This weekend is Back to Church Sunday (I hope you found your person to invite!). I figured, what better way to expose those new visitors to Covenant than to preach a sermon on…Drum Roll please…BUDDHISM! That’s right, the sermon this Sunday is going to spend a lot of time thinking about the Epistle of James from a Buddhist perspective.
Now, I know this is more than a little out of the ordinary, but I do have some very good reasons for doing this. First of all, the passage this week really does capture 3 of the 4 Noble Truths of Buddhism 1quite well. If you don’t know what those are, come on Sunday and find out. Secondly, this is Covenant…the church of “What’s going to happen next?” I felt there was perhaps no better way to live into our identity than to throw a real curve ball on the Sunday that brings many visitors through our doors.
Finally, and I think most importantly, there is perhaps no better way to deeply understand our Christian faith than to study a different faith. I know, it sounds counter-intuitive, but trust me, there is deep truth to this idea. When I was in college, I was a part of a program called, “Lives of Faith.” As a part of this program, we met once a month to have dinner with people of different faith traditions to learn a lot about people that were different from us. A few things that are important here: the person who was presenting on a given night was not expected to be an expert on their tradition, but was simply supposed to answer the question, “What’s it like to be a (insert religion here) living in a small town in rural Texas and attending college?” The point was not to learn all there was to know about (insert religion here), it was to realize that none of us can speak for the entirety of our religious group. That means, what we can learn is what faith looks like for a particular person, and reflect on that in light of our own faith. I came to discover, this was one of the places in my own journey where I most learned what it was to be Christian. In order to interact in meaningful ways at those dinners, you had to be in touch with what you understood your tradition to be.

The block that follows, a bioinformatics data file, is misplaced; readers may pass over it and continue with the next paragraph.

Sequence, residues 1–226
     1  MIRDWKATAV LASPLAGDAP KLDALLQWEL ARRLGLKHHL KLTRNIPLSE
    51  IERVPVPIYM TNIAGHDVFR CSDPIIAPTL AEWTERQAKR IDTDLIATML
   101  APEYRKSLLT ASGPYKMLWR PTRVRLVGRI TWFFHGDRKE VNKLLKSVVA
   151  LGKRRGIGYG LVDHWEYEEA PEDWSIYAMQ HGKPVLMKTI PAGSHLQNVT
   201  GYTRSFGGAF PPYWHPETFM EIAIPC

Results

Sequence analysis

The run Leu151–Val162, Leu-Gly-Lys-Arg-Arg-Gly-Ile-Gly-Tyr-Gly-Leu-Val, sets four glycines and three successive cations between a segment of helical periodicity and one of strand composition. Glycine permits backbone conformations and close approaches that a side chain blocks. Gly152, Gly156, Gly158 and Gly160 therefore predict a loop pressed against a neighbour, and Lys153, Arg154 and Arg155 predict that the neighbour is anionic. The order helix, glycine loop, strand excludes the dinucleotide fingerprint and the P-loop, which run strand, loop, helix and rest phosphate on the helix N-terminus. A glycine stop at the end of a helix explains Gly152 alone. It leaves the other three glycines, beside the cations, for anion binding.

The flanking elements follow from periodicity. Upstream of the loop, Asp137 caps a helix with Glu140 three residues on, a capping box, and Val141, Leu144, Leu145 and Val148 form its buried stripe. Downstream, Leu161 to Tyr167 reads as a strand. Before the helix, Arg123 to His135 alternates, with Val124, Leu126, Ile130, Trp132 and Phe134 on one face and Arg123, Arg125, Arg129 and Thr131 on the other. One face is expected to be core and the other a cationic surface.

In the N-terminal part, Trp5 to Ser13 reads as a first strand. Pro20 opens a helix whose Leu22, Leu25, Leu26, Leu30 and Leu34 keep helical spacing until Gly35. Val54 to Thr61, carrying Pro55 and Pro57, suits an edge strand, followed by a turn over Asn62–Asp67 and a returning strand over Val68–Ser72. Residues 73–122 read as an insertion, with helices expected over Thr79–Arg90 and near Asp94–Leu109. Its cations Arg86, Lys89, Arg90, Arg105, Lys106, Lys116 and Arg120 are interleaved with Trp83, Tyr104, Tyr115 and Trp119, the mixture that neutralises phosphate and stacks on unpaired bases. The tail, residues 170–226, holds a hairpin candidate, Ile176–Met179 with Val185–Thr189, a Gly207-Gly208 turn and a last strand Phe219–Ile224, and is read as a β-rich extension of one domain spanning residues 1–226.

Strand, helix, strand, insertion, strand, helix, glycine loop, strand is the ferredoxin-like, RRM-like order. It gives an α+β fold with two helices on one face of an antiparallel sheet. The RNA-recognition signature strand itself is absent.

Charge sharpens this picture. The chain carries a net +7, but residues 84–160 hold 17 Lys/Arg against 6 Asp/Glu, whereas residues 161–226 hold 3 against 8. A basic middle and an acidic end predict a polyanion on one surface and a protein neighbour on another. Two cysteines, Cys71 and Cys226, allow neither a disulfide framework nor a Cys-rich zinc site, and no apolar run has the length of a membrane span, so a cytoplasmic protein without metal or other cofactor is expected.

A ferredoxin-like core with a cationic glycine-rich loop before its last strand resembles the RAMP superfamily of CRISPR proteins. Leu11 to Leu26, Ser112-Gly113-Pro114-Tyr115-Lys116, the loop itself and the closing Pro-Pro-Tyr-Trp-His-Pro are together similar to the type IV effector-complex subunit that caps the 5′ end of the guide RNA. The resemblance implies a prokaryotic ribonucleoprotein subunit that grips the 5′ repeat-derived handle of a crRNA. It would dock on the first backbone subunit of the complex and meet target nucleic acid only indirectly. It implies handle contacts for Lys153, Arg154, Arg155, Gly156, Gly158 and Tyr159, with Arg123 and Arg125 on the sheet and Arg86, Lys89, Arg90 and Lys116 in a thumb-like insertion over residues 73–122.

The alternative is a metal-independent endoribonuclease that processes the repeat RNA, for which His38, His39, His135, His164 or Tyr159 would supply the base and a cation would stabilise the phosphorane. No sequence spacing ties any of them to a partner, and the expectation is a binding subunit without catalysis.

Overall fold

I would also add, that the other way I have most deeply come to understand my own Christian Faith was from world travel in countries that were not primarily composed of Christians. Pausing while hearing the call to prayer ring out across Istanbul forced me to ask the question, “What does a meaningful prayer life look like for me?” Being overwhelmed by the incense while walking through Buddhist temples in Bangkok forced me to think about, “What is meaningful ritual in my religious life?” Being invited to ring prayer bells in a temple in Yangon required me to think about, “What are the implications of this practice in my own tradition?”
I am an avid believer that the best way to understand your own tradition is to have relationships with people of different traditions. The best way to know what is really important to your faith, is to experience the faith of another.
So this Sunday, we are going to talk about Buddhism, in light of what the Epistle of James teaches us about how to practice a Christian life. We’ll either really intrigue all of those Back to Church guests, or we will send them running from the building. Either way, it should be interesting to watch. See you Sunday!